A promise is a promise so when I said last night that I would write about a young friend by the name of Georgia, well I kinda have to keep it, even though I’m sure she’s probably forgotten all about it by now. And to be honest I’ve only met Georgia twice so I don’t really have a lot to say except she’s probably one of the most polite, friendly, outgoing young 12 year olds you could meet … and she has like a million friends, seriously I’m not exaggerating!
Georgia lives in the quiet town of Kaiapoi where she spends most of her time pestering her mum to take her clothes shopping, playing guitar hero and buying bling on Stardoll (somehow she managed to bully me into creating my very own stardoll, I’m nervous that it could lead to a lifelong addiction, possibly even hospitalisation when I realise I haven’t eaten for three days because I’m obsessed with finding the perfect accessory for my Gucci bag and fake Rolex watch).
Some of her local friends include (this will test my memory) Charlotte, Summer and Carmen who also seem ‘involved’ with a stardoll of their own (apparently you can have multiple stardolls, particularly suited to those people who have difficulty making new friends – just create them; easy!).
And while I’m name-dropping, a big shout out to Saffy as well! She’s in one of the photos hugging the loneliness out of sweet ol’ Whisky (the dog not the drink).
So Georgia this is your high-five from me and a promise kept – everyone’s happy. It just shows that when you write a blog, while you might be read by thousands, just pretend you’re writing to one person.
Groceries on ANZAC day
The list (I’m referring to the shopping list for groceries, but it has, due to its level of importance simply become known as ‘The List’) had been growing steadily over the last few days and would no longer be ignored. So after spending a full morning in the ministry, I rocked up to the Pak’n’Save on the way home. I made the time to be just after 1pm but already there were some serious crowds walking through those doors and vying for pole position in the grocery grand prix (most shops cannot open until 1pm on ANZAC day in NZ).
To be honest I was a little taken back. Were all these desperate shoppers hanging around the entrance, eager to indulge in the one highlight of their weekend? I’ve never actually seen Pak’n’Save so congested; it was almost like you had no choice but to be swept along by the raging torrent of trollies, grabbing for what precious little you could get your hands on. Forget doing careful price comparisons or a hasty u-turn because you forgot something that was three aisles ago – that was right out.
So with quite an amazed sense of accomplishment I reached the checkout with pretty much everything crossed off the list, plus a few extras (hey I broke the #1 rule of groceries; going when I was starving but I kept things under control, mostly). So I was pretty spent by then but I still felt the need to watch as the items beeped their way through the scanner by the disengaged girl behind the counter (I don’t blame her, in fact I’d be worse, literally hurling people’s canned goods out the door and telling them that they will not die if they can’t get to the supermarket for just one day!) when I noticed that one of my little victories (finding something that was actually on the list was also on special) going through as full price.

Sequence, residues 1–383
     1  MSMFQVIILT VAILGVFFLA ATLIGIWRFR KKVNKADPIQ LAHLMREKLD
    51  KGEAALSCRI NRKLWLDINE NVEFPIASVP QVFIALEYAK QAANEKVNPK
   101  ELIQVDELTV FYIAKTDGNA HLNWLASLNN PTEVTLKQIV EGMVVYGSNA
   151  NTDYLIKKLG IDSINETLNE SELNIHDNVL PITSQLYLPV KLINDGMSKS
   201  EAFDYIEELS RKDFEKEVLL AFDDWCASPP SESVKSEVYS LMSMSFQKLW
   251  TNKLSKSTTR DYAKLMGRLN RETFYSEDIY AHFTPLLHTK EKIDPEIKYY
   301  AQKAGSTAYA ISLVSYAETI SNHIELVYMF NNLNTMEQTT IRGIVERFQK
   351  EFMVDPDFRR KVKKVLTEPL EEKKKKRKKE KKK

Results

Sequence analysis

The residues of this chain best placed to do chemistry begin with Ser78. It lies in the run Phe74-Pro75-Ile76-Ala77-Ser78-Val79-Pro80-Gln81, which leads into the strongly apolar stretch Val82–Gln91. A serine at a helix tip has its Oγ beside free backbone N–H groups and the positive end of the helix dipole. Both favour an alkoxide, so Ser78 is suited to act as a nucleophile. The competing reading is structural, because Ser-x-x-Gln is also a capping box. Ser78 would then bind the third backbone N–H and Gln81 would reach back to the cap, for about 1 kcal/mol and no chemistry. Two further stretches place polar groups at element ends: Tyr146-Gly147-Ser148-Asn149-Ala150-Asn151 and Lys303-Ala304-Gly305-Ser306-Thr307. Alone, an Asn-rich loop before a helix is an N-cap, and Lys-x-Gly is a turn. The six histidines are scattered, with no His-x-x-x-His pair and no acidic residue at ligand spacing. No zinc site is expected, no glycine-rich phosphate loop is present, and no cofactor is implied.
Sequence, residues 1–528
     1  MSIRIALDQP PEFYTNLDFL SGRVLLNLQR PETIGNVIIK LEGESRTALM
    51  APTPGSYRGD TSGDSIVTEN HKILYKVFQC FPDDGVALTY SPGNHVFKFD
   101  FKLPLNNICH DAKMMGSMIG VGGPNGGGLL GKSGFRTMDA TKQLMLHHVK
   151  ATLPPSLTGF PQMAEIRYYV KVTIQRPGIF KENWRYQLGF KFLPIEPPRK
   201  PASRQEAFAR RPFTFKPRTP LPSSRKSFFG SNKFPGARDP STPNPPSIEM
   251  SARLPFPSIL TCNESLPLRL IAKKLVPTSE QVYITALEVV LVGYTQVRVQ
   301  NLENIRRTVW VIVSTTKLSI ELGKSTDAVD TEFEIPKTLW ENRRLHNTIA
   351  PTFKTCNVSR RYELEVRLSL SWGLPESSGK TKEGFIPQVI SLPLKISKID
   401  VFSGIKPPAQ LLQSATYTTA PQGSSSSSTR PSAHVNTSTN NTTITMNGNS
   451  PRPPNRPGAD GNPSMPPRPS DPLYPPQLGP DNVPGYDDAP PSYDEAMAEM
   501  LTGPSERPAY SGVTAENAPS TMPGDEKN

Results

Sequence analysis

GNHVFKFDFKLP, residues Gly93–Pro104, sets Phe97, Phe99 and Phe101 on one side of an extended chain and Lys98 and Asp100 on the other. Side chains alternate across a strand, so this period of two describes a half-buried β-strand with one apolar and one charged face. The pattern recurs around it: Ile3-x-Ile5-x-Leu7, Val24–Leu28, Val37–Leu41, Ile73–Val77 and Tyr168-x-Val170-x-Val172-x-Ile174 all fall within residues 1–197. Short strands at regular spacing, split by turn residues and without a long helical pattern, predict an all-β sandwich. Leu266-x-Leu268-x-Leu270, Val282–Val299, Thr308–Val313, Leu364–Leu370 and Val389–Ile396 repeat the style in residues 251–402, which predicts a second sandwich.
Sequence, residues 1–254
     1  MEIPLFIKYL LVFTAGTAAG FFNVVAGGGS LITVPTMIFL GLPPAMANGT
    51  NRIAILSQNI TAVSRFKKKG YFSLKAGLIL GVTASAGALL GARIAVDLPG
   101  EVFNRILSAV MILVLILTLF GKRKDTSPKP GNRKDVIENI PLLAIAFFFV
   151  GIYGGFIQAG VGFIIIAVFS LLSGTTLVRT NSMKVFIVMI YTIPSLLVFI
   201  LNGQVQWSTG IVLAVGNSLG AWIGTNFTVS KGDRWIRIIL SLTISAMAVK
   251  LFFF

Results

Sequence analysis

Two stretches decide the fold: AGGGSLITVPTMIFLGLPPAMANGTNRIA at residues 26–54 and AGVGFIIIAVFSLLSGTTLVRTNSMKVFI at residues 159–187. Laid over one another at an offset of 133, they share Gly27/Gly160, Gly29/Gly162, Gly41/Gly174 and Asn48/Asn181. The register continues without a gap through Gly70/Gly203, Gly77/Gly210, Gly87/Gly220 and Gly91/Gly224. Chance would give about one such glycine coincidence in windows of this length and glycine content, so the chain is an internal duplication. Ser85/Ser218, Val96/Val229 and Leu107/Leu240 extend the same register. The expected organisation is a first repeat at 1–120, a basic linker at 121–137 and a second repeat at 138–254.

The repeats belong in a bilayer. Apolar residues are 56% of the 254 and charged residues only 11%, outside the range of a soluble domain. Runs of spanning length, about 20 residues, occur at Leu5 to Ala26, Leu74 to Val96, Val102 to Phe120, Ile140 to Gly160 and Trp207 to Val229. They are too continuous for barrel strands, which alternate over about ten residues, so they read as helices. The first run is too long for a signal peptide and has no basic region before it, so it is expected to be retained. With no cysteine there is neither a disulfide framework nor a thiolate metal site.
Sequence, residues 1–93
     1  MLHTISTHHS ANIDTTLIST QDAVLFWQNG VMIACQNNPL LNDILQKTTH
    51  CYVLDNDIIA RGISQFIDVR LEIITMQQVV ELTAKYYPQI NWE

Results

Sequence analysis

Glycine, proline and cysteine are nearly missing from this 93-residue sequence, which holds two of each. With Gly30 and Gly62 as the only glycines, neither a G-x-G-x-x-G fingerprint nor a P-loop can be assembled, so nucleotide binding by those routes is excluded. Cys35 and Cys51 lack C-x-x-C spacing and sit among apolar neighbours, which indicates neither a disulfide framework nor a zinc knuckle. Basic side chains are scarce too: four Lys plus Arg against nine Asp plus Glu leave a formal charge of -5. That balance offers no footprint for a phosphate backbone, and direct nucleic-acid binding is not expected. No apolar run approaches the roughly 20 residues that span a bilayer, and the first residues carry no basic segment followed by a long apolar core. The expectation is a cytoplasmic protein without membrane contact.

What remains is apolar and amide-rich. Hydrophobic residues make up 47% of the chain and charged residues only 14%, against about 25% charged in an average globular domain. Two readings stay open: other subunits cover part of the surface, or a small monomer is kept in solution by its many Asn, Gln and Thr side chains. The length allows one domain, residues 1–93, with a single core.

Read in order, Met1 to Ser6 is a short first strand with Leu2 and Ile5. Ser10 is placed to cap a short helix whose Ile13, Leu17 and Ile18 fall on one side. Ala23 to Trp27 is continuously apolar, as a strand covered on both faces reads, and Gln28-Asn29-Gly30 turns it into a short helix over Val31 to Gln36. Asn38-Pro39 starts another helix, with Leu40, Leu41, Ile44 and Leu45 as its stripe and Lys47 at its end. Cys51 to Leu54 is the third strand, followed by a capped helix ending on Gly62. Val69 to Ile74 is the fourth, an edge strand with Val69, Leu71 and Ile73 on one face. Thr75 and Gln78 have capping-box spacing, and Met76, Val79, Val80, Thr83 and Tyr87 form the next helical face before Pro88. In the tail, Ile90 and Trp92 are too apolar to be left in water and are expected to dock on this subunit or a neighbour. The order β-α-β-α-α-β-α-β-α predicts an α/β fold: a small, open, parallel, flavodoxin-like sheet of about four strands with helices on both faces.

Wait just one minute there, I just wrestled with at least half a million seasoned trolley hustlers out there to get that item because it was on special and now you’re going to charge me full price. Despite the growing queue behind me I had to stand up and be counted. The supervisor comes over and looks me over, I’m starting to worry that maybe I’d got it wrong as sometimes those special stickers can be tricky to figure out exactly what items they’re referring to. But no, after a bit of toing and froing I was vindicated and the discount of over $1.50 was applied.
But that wasn’t the end of it. The peanut butter also goes through as full price (now I’m watching the scanner display like a hawk). Having already held good people up I chose to take it up with the service desk. Once again, vindicated that I had not been seeing things and they give me the $1 difference.
Sure it was only $2.50 but you multiple that by the number of people who don’t pay attention to the scanner display (most of the time I can’t be bothered especially if you have 112 items) and that’s a lot of money, and apparently according to the media, scanner errors are a known problem.
So if you really want to save money on your groceries, keep one beady eye open watching as those items scan through. I personally believe supermarkets should refund you at least three times the difference for not allowing you to relax at the checkout now.